The prototype of the modern designer

One of the most famous episodes linked to Virgil Abloh's career is the internship at Fendi in the company of Kanye West with whom the two made their entrance into the world of fashion. A world that Abloh got to know almost by chance during his studies as an architect at the Illinois Institute of Technology, coming into contact with the work of Rem Koolhaas, a Dutch architect who had collaborated with Prada. Abloh's training is certainly one of the many aspects that have contributed to his uniqueness, making him the prototype of the modern designer: multidisciplinary, open to contamination and far from the idea of "classical training" to which we had been accustomed for years. Abloh was a designer, but he was also an architect, a musician and an all-round artist. Maybe it was for this reason that Virgil's approach to his work has always been different from the others, resembling in some ways that of a master ready to share his work with his students. His uniqueness also lived on his approach to everyday work, "itinerant" as Abloh himself recounted in an interview with the New York Times in which he described Off-White™ as the first luxury brand built from social media. Without a desk, Abloh has decentralized the idea of creative direction, helping to shape a new idea of creative so much so that he earned a prominent place at the table of LVMH after the group had acquired 60% of Off-White™ last July.


Just last year, Virgil Abloh launched "Free Game", a mentoring program designed to help young designers create their own brands through the experience of Abloh himself, once again solidifying the relationship the designer had with future generations and his work. In a world of philanthropy for its own sake, Virgil Abloh was one of the few to take the lead in training the creatives of the future, creating platforms and programs to open doors and break down barriers by extending a hand to young designers. If fashion has always been criticized for its closed and elitist nature, in all his work Virgil Abloh has always built bridges, trying to share his heritage and making us ask "Wouldn't it be nice if more people were like Virgil Abloh?".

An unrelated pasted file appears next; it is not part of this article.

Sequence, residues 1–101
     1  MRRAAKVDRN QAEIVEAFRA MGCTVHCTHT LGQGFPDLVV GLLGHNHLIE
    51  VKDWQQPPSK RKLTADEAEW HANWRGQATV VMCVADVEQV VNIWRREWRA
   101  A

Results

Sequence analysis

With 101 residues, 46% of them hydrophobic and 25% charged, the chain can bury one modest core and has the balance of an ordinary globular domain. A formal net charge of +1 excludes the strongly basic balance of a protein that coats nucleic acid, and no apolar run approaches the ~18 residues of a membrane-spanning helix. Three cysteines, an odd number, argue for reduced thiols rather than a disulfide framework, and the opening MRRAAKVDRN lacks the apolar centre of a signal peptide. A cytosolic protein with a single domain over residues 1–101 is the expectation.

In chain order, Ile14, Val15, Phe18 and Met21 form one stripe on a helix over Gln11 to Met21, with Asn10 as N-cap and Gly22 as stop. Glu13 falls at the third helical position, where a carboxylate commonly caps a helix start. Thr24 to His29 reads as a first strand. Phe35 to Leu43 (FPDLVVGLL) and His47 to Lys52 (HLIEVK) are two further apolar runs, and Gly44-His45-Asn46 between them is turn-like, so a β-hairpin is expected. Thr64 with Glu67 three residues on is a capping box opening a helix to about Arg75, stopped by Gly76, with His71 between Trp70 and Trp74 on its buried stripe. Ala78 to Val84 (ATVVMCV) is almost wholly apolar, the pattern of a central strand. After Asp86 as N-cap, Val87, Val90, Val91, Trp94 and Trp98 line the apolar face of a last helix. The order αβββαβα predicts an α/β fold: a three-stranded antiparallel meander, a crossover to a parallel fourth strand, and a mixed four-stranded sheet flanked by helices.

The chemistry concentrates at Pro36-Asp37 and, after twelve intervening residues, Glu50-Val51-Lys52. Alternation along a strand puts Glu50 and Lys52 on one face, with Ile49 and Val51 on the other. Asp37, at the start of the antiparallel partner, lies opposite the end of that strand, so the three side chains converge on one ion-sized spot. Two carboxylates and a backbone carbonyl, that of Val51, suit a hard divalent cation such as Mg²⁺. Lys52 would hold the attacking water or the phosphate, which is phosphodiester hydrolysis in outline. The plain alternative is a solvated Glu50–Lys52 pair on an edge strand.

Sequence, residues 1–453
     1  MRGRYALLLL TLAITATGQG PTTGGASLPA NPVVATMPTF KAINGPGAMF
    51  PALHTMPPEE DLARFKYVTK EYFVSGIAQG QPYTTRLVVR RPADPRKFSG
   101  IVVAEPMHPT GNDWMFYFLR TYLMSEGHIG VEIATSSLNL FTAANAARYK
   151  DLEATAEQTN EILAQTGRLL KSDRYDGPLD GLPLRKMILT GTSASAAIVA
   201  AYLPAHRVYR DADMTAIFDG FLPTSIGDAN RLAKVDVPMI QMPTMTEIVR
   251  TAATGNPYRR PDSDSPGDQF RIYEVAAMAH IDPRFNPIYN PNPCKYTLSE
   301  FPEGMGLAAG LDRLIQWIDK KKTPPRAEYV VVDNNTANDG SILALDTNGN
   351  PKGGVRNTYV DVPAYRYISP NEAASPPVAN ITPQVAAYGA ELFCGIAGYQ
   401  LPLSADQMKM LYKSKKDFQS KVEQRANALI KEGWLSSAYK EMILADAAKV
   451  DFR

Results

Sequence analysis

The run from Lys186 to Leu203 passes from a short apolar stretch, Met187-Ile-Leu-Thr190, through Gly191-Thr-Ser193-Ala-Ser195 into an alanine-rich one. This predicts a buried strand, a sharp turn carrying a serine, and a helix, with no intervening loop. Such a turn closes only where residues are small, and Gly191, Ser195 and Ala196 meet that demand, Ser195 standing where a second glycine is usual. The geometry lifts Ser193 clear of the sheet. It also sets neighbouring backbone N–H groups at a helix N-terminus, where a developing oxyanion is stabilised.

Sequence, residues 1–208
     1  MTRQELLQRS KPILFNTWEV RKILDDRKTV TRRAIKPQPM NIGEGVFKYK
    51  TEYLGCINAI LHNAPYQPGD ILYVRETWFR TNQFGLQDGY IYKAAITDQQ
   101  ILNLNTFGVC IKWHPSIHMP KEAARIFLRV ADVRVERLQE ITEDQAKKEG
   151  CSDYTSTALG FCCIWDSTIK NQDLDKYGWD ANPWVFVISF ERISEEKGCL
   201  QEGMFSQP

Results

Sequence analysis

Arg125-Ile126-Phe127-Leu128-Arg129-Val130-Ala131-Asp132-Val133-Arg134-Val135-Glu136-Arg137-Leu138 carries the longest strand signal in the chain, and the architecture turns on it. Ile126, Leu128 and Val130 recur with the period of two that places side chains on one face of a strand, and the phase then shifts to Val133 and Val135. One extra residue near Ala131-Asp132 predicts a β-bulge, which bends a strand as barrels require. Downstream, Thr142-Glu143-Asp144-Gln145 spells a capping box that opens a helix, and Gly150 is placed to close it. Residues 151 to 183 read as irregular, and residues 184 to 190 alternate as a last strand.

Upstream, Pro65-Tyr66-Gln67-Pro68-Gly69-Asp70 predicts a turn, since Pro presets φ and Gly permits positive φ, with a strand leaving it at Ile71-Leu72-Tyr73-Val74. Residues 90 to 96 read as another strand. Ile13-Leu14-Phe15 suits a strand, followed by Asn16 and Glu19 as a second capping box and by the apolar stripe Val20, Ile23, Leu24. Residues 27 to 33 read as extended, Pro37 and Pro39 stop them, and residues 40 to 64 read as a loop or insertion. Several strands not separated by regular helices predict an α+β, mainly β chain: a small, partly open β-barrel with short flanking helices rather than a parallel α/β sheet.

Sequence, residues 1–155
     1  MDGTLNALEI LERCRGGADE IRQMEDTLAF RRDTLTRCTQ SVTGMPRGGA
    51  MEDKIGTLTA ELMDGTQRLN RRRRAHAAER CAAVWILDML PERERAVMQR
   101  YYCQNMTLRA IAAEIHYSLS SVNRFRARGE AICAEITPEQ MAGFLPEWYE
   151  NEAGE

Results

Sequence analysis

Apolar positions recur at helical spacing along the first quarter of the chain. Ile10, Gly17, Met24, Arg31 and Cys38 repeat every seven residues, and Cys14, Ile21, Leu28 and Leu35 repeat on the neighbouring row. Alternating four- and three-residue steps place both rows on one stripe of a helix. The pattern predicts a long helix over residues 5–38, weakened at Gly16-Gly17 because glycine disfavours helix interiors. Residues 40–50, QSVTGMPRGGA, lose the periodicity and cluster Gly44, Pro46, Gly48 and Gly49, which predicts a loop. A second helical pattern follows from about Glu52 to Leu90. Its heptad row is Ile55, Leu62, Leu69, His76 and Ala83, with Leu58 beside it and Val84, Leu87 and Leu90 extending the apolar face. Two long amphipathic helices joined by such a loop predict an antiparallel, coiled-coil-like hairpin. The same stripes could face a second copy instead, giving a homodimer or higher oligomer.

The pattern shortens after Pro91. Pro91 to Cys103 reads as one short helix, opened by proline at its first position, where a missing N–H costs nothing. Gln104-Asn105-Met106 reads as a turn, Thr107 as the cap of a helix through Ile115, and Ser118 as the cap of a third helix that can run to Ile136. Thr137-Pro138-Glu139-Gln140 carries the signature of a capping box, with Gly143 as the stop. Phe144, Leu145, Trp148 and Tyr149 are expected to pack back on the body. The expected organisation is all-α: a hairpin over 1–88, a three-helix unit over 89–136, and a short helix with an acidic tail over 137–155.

Multiculturalism in fashion

If we wanted to point out the most shining example of Virgil Abloh's work with Louis Vuitton the choice would fall without too many on the Men's Fall-Winter 2021, the highest point of the American designer's work in which each layer told all the multiculturalism of Abloh in fashion. It's useless to get around it, Virgil Abloh was the first black designer in a major fashion house, a choice to break with the past in a world that has never hidden its difficulty in accepting such a change. Abloh's fashion was also this, skateboard and rap brought to the catwalk in a form even more different than the one created by Kanye West, in an interweaving of politics and culture that has made possible what before seemed impossible. In the behind-the-scenes footage of FW21 shot by Loic Prigent (you can find it here and it's really worth watching) it's not uncommon to hear the models talk about that moment as a key moment in their careers and lives, telling that show as "a necessary connection point". So, to conclude this excursus on Virgil Abloh's legacy, we could sum up his work and career as "necessary".